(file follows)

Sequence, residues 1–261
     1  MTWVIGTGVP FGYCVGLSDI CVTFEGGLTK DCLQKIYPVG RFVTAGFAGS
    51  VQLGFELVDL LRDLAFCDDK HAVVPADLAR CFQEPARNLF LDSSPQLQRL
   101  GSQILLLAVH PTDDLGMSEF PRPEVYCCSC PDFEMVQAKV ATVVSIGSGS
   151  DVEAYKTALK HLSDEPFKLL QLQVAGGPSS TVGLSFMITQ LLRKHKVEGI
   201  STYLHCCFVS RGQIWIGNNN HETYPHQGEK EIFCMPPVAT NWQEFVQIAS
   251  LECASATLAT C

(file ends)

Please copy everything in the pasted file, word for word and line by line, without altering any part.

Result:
Sequence, residues 1–261
     1  MTWVIGTGVP FGYCVGLSDI CVTFEGGLTK DCLQKIYPVG RFVTAGFAGS
    51  VQLGFELVDL LRDLAFCDDK HAVVPADLAR CFQEPARNLF LDSSPQLQRL
   101  GSQILLLAVH PTDDLGMSEF PRPEVYCCSC PDFEMVQAKV ATVVSIGSGS
   151  DVEAYKTALK HLSDEPFKLL QLQVAGGPSS TVGLSFMITQ LLRKHKVEGI
   201  STYLHCCFVS RGQIWIGNNN HETYPHQGEK EIFCMPPVAT NWQEFVQIAS
   251  LECASATLAT C